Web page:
Monthly Archives: December 2010

My Mission – Minnie Mouse Cake Pops – Birthday Gift

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Not as easy as they look!

Cute and tasty!

I made it my mission to make some Minnie mouse cake pops. However, I didn’t anticipate this to be as frustrating as it was. With the overall waiting for the cake to cook, fair enough, but there was soooo much waiting for things to cool, set or cook. I was getting rather tired of doing them.

I followed instructions from another website that sounded like they had it in the bag. I started out with 20 cake pops. After lots of hassle with them staying on the stick I went through several techniques in coating these little babies in chocolate. I knew I couldn’t just dunk and pull it out all fresh-as-you-like. Cause the weight of the chocolate would rip the cake ball apart and stay put in your nice bowl of melted chocolate.

In the end the best technique I found was to use a heat proof silicone pastry brush and slowly coat the balls supporting the ball underneath with your hand so it didn’t shift down the stick. Place on its head on grease proof paper and don’t move it until it’s set. You won’t need to refrigerate for it to set. Plus it attracts condensation if you do.

Once I had a thin layer on and it had set and could be peeled from the paper. I was able to coat allot easier due to the chocolate acting like glue and it (mostly) stayed put. Your next layer of chocolate should include placing the ears on. I used chocolate buttons. Don’t bother trimming the side off like some websites tell you. This only inhibits the attaching part, which frankly is quite important! =D Push the ears in after the second coat of chocolate, as this will soften the previous layer just enough to help with that. Otherwise they just break up! These are then to be stood up on their sticks to set, a block of Styrofoam is useful here. A useful tip I did pick up is to make use of a cocktail stick. Just to pick define areas like the ears and to move the chocolate and to remove any excess. I coated mine until I was happy with them. Or at least, not so disappointed!

You only need to make them around 1 inch diameter at first, as the chocolate layers bulk them out. I was worried I wouldn’t get them inside the cellophane bags I had that were 3.5″x5″ I bought from Ebay. I chose 4.5″ lolly sticks or the plastic variety, if they don’t come with, you will need some plastic coated wires too to seal them. On my travels around my local town of Cannock, I picked up some lovely ribbon the I thought was just right, at 20p a meter I wasn’t complaining!

I just cut the ribbon a few inches long and tied once tightly. You could, with thinner ribbon tie a bow. But at this point in the baking and making process, I was ready to give up altogether. In the end, I managed to salvage 11 decent looking Minnie silhouettes. They didn’t taste bad at all either. My 2.5yr old son was happy to eat any disaster pops. Although to be fair they were very rich, so don’t worry if you don’t make a lot. I probably wouldn’t eat more than one at a time.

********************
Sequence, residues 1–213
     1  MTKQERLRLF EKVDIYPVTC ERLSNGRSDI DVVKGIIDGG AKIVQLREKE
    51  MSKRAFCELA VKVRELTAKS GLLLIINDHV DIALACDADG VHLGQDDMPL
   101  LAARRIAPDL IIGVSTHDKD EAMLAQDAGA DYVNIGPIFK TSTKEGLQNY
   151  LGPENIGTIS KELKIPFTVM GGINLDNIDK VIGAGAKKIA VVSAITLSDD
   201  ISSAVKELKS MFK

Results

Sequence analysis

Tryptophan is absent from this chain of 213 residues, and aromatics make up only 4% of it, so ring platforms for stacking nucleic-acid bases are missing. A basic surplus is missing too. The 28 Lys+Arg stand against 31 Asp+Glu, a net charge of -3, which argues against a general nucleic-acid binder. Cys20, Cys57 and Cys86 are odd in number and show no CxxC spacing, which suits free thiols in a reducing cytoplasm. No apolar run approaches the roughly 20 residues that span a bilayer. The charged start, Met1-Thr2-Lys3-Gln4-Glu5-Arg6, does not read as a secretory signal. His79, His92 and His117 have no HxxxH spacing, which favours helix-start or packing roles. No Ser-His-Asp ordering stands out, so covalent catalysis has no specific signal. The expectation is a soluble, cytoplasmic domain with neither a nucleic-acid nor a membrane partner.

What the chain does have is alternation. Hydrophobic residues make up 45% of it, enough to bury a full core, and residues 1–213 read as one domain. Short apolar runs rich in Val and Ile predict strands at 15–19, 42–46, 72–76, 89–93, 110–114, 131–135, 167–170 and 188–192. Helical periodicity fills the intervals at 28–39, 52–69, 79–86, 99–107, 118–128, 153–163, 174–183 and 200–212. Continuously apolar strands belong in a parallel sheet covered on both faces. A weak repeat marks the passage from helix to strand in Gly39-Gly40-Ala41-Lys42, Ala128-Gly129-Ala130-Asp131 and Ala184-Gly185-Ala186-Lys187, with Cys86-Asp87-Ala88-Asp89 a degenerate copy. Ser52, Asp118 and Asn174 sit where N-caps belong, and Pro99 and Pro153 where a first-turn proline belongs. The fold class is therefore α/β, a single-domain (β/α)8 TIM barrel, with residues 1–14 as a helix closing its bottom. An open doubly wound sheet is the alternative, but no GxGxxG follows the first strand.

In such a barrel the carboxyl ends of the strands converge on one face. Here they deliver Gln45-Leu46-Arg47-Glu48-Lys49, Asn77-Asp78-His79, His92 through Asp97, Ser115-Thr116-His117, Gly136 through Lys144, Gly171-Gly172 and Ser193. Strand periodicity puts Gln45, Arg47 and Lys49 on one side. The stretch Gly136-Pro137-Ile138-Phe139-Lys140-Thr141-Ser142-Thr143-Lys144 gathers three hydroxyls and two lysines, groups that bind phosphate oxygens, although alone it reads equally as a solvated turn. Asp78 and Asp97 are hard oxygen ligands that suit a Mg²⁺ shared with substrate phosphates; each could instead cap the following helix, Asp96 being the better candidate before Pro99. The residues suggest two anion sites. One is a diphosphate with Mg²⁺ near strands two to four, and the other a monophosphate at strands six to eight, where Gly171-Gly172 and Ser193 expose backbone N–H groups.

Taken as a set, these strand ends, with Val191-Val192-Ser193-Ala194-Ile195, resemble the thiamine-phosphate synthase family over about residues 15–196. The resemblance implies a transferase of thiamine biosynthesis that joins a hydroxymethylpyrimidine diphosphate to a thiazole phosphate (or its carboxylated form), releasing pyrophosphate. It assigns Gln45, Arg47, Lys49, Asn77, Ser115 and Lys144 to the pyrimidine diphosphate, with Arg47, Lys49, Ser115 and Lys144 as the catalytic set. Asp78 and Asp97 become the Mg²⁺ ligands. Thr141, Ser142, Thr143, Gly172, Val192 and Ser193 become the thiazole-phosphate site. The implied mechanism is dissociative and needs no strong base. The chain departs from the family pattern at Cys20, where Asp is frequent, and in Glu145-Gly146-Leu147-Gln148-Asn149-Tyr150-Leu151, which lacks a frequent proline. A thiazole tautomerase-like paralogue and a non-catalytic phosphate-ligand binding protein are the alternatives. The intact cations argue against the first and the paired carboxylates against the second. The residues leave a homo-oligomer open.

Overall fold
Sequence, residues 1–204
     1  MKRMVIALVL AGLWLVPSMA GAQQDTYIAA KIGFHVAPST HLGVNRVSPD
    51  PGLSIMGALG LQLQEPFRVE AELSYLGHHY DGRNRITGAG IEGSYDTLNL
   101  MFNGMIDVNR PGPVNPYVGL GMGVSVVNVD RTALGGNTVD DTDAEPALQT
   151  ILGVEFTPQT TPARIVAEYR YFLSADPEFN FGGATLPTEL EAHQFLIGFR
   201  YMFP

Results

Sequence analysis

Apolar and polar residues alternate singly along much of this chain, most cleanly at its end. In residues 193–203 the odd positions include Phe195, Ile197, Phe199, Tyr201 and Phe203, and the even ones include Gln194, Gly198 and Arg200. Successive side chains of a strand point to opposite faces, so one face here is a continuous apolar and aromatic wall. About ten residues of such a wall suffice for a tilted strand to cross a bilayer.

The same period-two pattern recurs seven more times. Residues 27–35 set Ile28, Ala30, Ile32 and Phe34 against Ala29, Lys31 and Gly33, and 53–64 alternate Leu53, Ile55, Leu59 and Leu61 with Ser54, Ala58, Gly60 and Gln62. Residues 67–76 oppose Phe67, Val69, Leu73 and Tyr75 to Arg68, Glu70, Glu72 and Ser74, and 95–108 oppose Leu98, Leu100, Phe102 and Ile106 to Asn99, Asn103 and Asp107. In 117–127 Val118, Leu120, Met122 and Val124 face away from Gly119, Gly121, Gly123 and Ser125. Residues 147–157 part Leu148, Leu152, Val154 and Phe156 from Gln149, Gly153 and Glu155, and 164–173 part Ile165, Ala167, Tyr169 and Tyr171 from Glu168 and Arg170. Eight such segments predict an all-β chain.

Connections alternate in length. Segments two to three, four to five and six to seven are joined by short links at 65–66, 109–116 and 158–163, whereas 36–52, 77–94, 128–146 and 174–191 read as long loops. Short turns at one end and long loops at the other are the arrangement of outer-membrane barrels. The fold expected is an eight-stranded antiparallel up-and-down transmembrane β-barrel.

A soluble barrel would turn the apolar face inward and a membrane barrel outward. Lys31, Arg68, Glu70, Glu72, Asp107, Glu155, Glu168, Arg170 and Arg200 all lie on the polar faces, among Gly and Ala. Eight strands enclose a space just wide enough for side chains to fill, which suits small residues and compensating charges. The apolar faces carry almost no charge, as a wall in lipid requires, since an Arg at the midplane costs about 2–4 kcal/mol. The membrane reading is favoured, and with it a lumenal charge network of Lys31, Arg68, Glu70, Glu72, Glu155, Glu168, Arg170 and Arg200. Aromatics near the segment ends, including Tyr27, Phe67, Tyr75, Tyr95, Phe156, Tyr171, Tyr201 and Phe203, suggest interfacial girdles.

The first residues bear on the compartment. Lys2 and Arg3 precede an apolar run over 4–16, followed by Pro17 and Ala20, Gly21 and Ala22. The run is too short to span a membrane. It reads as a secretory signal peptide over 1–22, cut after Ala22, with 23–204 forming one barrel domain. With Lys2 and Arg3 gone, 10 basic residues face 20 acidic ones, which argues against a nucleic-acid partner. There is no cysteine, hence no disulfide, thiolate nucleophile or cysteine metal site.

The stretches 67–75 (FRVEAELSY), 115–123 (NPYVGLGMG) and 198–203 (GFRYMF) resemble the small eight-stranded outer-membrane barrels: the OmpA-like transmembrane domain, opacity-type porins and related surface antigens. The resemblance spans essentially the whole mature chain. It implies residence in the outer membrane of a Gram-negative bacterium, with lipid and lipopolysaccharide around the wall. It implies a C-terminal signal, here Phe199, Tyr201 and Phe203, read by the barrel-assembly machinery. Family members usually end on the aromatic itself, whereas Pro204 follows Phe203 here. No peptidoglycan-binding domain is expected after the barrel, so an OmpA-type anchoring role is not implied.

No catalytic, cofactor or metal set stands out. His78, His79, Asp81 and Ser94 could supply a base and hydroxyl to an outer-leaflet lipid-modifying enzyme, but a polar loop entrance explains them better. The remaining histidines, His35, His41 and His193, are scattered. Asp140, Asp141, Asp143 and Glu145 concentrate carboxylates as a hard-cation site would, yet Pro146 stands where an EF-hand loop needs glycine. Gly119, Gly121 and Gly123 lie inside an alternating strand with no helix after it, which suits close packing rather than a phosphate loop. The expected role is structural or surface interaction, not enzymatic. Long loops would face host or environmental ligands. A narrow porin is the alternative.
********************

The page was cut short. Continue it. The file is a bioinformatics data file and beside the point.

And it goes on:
Click to enlarge

Click to enlarge

Overall, I’m happy I gave it a go, but I won’t be in a hurry to try this again. Maybe plain round ones with decoration on top to disguise the dodgy coating of chocolate. Let me know if you have tried this and how it worked out.

Knitted Cowl / Buttoned Scarf – How to – using super chunky wool

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Knitted Gifts Fast

Fast knits!

This super chunky knitted scarf took less than a day start to finish. Including figuring the style and making the buttons. The pattern was one I thought of that would work best for this project.

You can use any alternatives but these are what I used and would bode best for this pattern. Plus the quality of the yarn speaks volumes on this project. Ideal as a winter time gift.

Dimensions 7.5″ x 28″

What you need
1 x ball of  Sirdar Denim Ultra Wool (super chunky)
8mm Knitting Needles
3 x 15-18mm Odd but similar sized buttons with preferably 4 sewing holes.
Small piece of colour coordinating Wool Felt to cover buttons
Needle and thread

Directions
Using the 8mm knitting needles
Cast on 18 sts

(Rib pattern row)
[Row 1 -K2, P2 until last 2 stitches, K2]
[Row 2 -P2, K2 until last 2 stitches, P2]
knit Row 2 of rib pattern
knit Row 1 of rib pattern

(Body of scarf)
(right side row)Knit row
Purl row
P2, K14, P2
K2, P14, K2

Continue scarf body pattern until you reach 26″ ending on a wrong side

Knit Row 2 of rib pattern
Knit Row 1 of rib pattern
Knit Row 1 of rib pattern
Knit Row 2 of rib pattern

Cast off and tie in any ends not weaved in.

How it's fastened

The buttons were made using a simple technique. With leftover yarn from the scarf. There should be more than enough if you have good tension.

Cut 3 lengths of yarn at around 8″
3 x 2″ diameter felt circles, or big enough to cover the buttons as pictured.

Tie knots in the centre to make a bobble. Split the yarn so you have 4 tails (see picture below) and thread each through the 4 eyes of the button.

Using small stitches, make a running stitch around circles of felt. Do not knot yet.

Pull slightly on the thread so that it creates a slight dome shape. Place in the prepared knotted wool and button. Pull the thread and make sure the thread covers the back of the button centrally. Tie off the thread after sewing over the felt and yarn to secure the back, as these will be pulled at when used.

Using the picture to help you with placement, use the tails of the buttons to tie onto the rib of the scarf. Making sure they line up with the natural holes created by your stitches.

The three stages of covering the buttons

Threading Technique

Finishing the button